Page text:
Content in a Three-Layer Cake
Content resides in many repositories. At the most granular level team spaces house working papers and are accessible only to members of an engagement or client team. Built with Microsoft SharePoint, they are used to store, share and modify documents during a project. Next are sites of the various communities of practice such as Solutions groups. These have broader appeal since most people are affiliated with one or more communities of practice. At the top level is the corporate intranet with general information applicable to everyone.
The entire structure is bound together by a search engine that seamlessly looks for information in all of the areas where access to content is not restricted. The infrastructure allows people to hang out in a project, community or global space but still have access to all resources.
Tools with a People Focus
The people component is evident in several of the most popular tools. Threaded discussion forums provide a question and answer format for each profession and solution community. It is a popular communication channel, allowing people to informally interact online. By leaving a trail of questions and answers which are posted for others to view, it becomes a vehicle to acquire quick information or at least stay current with the latest internal issues. Each forum is monitored by a moderator who volunteers to be an “expert” and ensure that questions are answered or directed to a resource.
When a topic or question comes up repeatedly in a forum, someone in a particular community is encouraged to write a Knowledge Brief or a short white paper which is reviewed and published internally. Senior sponsorship, team support, and the awards plan all act to reinforce Knowledge Brief contributions. Similarly the Authoring Excellence Program rewards those who publish or present a paper externally.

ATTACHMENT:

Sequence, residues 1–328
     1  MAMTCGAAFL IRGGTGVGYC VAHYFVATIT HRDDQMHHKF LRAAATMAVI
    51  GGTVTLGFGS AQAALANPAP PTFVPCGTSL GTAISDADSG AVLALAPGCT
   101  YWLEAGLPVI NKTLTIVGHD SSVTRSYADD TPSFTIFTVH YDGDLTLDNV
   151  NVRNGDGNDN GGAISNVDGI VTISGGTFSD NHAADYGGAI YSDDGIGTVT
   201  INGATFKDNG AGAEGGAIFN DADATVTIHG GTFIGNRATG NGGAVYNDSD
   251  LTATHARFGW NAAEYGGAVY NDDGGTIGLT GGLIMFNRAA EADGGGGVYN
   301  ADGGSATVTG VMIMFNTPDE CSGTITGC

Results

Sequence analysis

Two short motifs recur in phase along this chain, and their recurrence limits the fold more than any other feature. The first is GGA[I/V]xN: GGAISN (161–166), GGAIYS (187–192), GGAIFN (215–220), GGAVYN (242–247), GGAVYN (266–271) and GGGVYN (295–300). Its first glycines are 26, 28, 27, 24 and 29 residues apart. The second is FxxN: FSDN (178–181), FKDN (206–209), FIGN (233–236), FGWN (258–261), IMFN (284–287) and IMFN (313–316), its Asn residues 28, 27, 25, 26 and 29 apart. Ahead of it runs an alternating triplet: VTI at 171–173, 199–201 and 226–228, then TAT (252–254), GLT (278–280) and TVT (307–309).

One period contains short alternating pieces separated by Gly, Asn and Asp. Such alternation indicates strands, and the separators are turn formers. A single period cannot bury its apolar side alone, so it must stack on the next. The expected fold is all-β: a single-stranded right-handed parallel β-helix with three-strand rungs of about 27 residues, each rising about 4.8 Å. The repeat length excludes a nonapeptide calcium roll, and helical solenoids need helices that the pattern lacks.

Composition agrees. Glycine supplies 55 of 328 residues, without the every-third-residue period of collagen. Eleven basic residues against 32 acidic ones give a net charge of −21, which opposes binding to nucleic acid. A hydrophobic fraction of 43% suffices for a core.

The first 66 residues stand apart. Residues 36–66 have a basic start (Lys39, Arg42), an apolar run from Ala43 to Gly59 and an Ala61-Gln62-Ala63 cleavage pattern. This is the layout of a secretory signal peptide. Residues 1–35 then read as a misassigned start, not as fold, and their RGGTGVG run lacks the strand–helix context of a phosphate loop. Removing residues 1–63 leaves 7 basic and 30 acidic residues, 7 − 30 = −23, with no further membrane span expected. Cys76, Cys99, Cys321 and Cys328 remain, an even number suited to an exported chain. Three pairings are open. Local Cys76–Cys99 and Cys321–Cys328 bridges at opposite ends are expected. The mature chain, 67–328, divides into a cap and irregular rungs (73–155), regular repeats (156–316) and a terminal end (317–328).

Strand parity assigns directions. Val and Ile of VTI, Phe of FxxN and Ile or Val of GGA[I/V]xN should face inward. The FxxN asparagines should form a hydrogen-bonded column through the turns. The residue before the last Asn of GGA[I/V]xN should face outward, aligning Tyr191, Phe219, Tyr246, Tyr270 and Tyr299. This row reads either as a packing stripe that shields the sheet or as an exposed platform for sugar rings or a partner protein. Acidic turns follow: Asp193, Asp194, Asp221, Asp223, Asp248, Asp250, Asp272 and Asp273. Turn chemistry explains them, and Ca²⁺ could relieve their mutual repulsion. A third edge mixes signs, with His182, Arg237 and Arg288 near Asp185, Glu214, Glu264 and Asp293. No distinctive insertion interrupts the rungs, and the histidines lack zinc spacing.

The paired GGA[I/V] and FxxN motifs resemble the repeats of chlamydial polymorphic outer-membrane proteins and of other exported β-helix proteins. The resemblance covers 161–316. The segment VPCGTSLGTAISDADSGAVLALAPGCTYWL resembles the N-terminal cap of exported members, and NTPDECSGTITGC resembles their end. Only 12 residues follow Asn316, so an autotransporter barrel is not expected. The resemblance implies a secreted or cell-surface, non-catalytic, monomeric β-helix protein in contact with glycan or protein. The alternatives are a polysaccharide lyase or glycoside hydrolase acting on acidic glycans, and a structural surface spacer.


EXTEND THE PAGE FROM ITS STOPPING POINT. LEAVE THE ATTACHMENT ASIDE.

HP accommodates their employees' styles and time demands with multiple communication tools. Whether officially sanctioned or not they all serve a need.
- Virtual rooms, an interactive conferencing tool using computer screens to share presentations and facilitate meetings, reduce travel budgets and save time.
- Podcasts are the latest way to share sales insights. Key engagement team members are interviewed and share their stories regarding client wins. The interview is made available in an audio file to be downloaded and accessed at the listener’s convenience.
- Blogs are not officially supported at HP but have become a popular medium, especially when reputations for good information are established.
The HP Services Consulting & Integration KM Program recognizes the challenges of linking people with the tools and knowledge required to meet evolving business conditions. The next “killer app” is a social networking tool called My Space. My Space is envisioned as a personal homepage where employees will define their skills and interests, identify memberships in internal groups and generate their own networks.
By embedding KM within work processes, providing an infrastructure to access resources, and reinforcing behaviors that create a sharing culture, HP’s knowledge management program contributes value to the organization.
Contact Linda Carpenter at [email protected].